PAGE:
Use this URL to cite or link to this record in EThOS: http://ethos.bl.uk/OrderDetails.do?uin=uk.bl.ethos.325276
Title: Turkish consumption and saving
Author: Akkoyunlu, Sule
Awarding Body: University of Oxford
Current Institution: University of Oxford
Date of Award: 2000
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Abstract:
The principle aim of this thesis is to construct a consumption function for Turkey for policy analysis using the annual State Planning Organisation (SPO) time-series data. This study commences from 1962 and extends until the end of 1994, when a financial crisis occurred in Turkey. It attempts to analyse not only the decline in the private savings rate during the first half of the 1980s, but also the significant rise from 1986 onwards. The thesis starts with an introduction which explodes the main research objectives, considers the existing consumption theories and extentions, records the main data features to be explained, briefly overviews the modelling strategy and discusses the basic considerations of the research and gives the structure of thesis. A literature survey on the theory of consumption is given in Chapter 2. The LifeCycle/ Permanent-Income hypothesis is considered as central to the two mainstream approach. : the Euler approach and the solved-out approach. These approaches are further extended by considering uncertainty and precautionary saving, credit restrictions, saving and leisure. habit or costs of adjustments and the durability of goods, the role of assets and asset prices. financial liberalisation and demographic factors. Finally, comparisons between the two approaches arc made in the conclusion of that chapter. Theory can deliver concepts with permanent relationships in economics, but it should be supported by empirical findings, since theory alone is insufficient to determine the actual economic relationship. Hence, Chapter 3 focuses on theoretical and appl ied modelling issues to construct a theory-consistent, congruent and encompassing consumption function. Congruency implies that the empirical model matches the available evidence in al l measured attributes (i.e., it is consistent with the theory from which it was derived, has unexplained components that arc innovations against available information, has basic parameters that are constant, is data admissible, and where any conditioning variables are weakly exogenous for the parameters of interest). Encompassing denotes that the model of interest can account for the result of rival models of the same phenomena. I also define structure as the set of invariant features of the economic mechanism. A parameter can be structural only if it is invariant for an extension of the sample period (constant), is invariant with respect to changes elsewhere in the economy (regime shifts), and is invariant over extensions of the information set (adding more variables). Chapter 4 examines the small-sample properties of the statistical methods used by means of Monte Carlo simulations. The informativeness of the data is investigated in an unrestricted Vector Auto-regression (VAR) with small-samples of noisy data combined with a high real growth rate and nominal inflation. This is to see how the relative drift dominates in explaining the informativeness of the data. The Monte results are summarised by using response surfaces to relate the biases to sample size. The ratio of standard deviations to standard errors in each equation is also analysed. The strong impacts of the system error variances in these response surfaces indicate the importance of high variances in VA Rs. Furthermore, I found noise, and a function of the signal to noise ratio. and cross-equation correlation had a large impact, but less effect from the relative drift. Chapter 5 presents an overview of the Turkish Economy, particularly during the sample period. by pointing out the lessons to be drawn from the stabilisation experiments and their effect on the private sector saving decision in Turkey. The aim of Chapter 6 is to get nominal housing wealth and housing price data from the available data, such as the nominal private disposable income. nominal private investment in the housing sector and the consumer price index, since housing wealth is claimed to be a major determinant of private savings in Turkey. Chapter 7 aims to reveal the problems of Turkish data by analysing the history of the Turkish a1ional Accounts to construct a data-base for estimating a consumption function for Turkey. GDP by expenditure is constructed from five different sources. Turkish accounting residuals are allocated by applying the linear regression approach. The results show that GDP-by-output is more reliable than the GDP-by-expenditure measure for Turkey. Chapter 8 is devoted to the time series modelling and evidence. Previous findings on consumption for Turkey have been formulated using conventional econometric techniques with a static estimation methodology within the Permanent Income Hypothesis (PIH). I adopted the equilibrium correction model (ECM) solved-out consumption function approach and tried to incorporate the effects of age. precautionary behaviour in the case of uncertainty, credit constraints, habits or costs of adjustments. and the durability of goods for developing belier understanding of private sector savings behaviour in Turkey. The modelling is based on the dynamic econometric methodology that involves the estimation of a general unrestricted model (GUM). a co-integration and long-run analysis, and the simplification of the GUM to a parsimonious dynamic model that is deduced by applying a sequential testing procedure. The final model is congruent: It matches the available evidence in all measured attributes and forecasts well, has white noise errors and constant parameters, and encompasses the VAR model equation as well as other specifications in previous models. Moreover, the model has a structural interpretation. The results of the final model reveal strong positive effects of the real interest rate. inflation and inflation uncertainty, a strong negative effect of population aged 15-44, a positive effect after one lag period of the change in the average propensity to consume. which represents the effects of expectations, habits or adjustment costs, in addition to the significant effect of the inverse of per capita Private Disposable Income and the change in housing wealth to income ra1io on the private average propensity to consume in Turkey. These findings offer an explana1ion for the salient features of the Turkish consumption pattern observed from 1he lime series data. These results also provide some policy implications such that inOation control should be strengthened and improved for consumption stabilisation. Furthermore. interest rate policy also has an important role to play in the savings process in Turkey. The research on small-sample properties of 1hc statistical methods by means of Monte Carlo Simulations strengthens the results of the empirical model. These. confirm the poor determination of intercepts in I(I) VARs, and the corresponding advantages of an equilibrium correction model formulation. Furthermore. the insignificance the of irrelevant dynamics should encourage model builders to use a dynamic econometric methodology to develop parsimonious models, such as used for building a consumption model for Turkey in this thesis.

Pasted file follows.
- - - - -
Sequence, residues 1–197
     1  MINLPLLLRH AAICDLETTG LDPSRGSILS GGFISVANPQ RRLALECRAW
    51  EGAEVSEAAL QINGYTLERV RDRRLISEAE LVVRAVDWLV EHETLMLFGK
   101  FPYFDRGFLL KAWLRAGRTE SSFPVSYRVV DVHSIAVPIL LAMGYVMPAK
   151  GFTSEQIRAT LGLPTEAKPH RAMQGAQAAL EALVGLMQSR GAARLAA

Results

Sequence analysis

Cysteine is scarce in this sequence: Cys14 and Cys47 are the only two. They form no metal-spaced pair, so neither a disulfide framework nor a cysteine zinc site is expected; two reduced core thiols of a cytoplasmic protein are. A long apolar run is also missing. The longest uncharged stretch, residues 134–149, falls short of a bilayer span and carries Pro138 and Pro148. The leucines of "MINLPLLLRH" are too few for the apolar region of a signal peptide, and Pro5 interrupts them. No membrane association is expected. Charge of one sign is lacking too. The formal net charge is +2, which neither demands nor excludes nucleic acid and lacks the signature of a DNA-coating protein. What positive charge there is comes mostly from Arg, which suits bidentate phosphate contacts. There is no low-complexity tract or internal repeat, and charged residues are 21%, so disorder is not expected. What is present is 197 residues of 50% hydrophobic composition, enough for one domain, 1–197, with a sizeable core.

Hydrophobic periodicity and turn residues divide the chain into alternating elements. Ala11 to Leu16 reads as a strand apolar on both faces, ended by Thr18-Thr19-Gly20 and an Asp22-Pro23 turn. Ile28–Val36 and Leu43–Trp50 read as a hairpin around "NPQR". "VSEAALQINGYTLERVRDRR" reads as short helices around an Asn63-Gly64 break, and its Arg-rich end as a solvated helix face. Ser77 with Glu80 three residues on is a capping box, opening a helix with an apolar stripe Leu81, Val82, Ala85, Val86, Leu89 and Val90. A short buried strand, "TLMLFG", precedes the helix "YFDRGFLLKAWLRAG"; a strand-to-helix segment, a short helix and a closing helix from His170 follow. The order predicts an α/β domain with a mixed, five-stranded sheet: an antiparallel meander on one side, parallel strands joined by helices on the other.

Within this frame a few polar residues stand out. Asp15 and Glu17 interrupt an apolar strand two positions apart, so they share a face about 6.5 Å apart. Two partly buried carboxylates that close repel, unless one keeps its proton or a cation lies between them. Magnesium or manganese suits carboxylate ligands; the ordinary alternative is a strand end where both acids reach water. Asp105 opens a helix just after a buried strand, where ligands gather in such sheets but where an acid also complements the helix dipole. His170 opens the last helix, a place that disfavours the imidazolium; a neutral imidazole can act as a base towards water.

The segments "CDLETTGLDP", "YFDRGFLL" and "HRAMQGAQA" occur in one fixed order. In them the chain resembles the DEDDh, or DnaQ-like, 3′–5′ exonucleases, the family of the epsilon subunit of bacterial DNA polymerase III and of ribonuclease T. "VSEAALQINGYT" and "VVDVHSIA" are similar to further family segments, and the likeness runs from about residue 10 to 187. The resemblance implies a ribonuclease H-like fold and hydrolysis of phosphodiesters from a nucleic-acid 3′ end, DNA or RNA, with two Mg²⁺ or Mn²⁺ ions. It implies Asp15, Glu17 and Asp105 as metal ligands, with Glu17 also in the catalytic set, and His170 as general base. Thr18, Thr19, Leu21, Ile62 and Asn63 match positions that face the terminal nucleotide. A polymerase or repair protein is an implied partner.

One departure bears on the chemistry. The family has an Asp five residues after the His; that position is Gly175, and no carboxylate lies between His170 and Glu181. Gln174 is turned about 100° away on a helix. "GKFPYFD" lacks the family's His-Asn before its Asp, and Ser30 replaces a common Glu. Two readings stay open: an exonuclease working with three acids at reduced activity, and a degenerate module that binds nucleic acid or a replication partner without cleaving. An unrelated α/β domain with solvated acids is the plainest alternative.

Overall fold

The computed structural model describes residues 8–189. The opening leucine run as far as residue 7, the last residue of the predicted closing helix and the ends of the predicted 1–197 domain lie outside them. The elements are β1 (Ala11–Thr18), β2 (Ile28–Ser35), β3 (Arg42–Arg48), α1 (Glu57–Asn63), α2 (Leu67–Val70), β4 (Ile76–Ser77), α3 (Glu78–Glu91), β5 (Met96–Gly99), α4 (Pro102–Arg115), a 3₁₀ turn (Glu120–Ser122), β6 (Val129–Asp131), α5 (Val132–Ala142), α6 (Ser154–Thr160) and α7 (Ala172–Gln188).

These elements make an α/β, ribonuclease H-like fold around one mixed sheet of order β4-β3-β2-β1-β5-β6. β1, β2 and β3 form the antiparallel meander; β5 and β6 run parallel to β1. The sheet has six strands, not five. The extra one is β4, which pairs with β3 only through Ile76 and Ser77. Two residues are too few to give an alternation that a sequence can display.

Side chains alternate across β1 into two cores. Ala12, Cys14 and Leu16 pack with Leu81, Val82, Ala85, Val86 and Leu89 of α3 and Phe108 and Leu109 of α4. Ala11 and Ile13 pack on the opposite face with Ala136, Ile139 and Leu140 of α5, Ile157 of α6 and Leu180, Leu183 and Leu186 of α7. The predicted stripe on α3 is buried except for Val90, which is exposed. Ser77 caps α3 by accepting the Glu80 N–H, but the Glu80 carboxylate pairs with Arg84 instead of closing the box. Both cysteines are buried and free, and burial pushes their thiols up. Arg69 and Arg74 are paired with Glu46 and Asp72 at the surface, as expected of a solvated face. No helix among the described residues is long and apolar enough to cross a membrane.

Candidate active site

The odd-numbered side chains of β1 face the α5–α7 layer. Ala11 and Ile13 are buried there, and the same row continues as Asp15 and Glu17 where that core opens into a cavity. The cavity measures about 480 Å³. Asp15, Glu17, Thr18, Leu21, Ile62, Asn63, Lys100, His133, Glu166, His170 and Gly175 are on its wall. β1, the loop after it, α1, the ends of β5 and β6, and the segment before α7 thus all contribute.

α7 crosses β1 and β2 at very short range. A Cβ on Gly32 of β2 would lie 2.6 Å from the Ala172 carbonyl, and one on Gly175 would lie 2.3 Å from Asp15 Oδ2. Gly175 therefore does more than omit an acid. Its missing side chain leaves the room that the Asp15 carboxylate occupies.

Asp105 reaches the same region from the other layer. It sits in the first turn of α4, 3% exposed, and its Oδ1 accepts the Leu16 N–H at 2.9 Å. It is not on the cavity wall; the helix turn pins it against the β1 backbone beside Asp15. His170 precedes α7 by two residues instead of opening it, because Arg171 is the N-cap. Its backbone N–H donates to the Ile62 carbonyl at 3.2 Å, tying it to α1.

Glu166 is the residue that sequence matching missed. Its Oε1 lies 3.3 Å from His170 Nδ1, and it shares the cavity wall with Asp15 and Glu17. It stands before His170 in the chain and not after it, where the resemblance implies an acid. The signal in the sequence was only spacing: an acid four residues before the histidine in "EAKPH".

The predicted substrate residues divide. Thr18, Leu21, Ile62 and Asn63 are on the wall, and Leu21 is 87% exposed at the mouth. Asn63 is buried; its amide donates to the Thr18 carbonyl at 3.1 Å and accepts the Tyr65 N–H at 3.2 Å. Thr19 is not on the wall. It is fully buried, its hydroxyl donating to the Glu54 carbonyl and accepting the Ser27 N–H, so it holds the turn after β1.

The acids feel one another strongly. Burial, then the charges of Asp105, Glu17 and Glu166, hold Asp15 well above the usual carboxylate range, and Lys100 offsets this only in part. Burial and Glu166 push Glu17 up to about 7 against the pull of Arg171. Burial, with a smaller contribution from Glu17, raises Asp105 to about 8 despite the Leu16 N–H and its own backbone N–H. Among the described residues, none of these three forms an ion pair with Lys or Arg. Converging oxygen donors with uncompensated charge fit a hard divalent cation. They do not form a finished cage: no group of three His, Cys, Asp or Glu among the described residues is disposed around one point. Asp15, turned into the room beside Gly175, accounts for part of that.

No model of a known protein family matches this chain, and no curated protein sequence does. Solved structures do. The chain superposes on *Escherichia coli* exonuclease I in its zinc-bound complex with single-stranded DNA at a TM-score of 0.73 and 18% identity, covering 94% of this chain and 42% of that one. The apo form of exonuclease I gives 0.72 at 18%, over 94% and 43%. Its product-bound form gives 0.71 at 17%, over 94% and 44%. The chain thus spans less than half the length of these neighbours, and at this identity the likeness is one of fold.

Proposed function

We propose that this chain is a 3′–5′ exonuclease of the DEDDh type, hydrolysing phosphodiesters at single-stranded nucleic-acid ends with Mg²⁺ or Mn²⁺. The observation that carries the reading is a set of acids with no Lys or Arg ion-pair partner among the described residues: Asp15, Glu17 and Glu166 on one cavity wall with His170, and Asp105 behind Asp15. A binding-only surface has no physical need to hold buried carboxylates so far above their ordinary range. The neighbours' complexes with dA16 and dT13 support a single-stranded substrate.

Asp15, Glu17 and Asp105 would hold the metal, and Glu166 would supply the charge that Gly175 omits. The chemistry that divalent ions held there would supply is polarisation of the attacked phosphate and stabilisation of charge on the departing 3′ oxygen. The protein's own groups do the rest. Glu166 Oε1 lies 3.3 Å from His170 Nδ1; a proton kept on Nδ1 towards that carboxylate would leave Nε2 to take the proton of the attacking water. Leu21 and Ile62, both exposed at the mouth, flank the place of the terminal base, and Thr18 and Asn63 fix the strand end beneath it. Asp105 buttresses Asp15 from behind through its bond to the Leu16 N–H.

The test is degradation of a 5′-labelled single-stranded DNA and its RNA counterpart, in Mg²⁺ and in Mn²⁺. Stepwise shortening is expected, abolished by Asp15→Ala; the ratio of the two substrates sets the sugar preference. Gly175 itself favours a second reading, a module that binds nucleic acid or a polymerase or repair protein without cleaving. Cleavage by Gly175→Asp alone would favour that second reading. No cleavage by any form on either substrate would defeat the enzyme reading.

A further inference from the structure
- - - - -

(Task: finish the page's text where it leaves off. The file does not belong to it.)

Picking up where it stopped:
Supervisor: Hendry, D. Sponsor: Not available
Qualification Name: Thesis (Ph.D.) Qualification Level: Doctoral
EThOS ID: uk.bl.ethos.325276  DOI: Not available
Keywords: State Planning Organisation ; Permanent-Income hypothesis ; liberalisation ; finance ; Vector Auto-regression ; Economies ; Economics Economics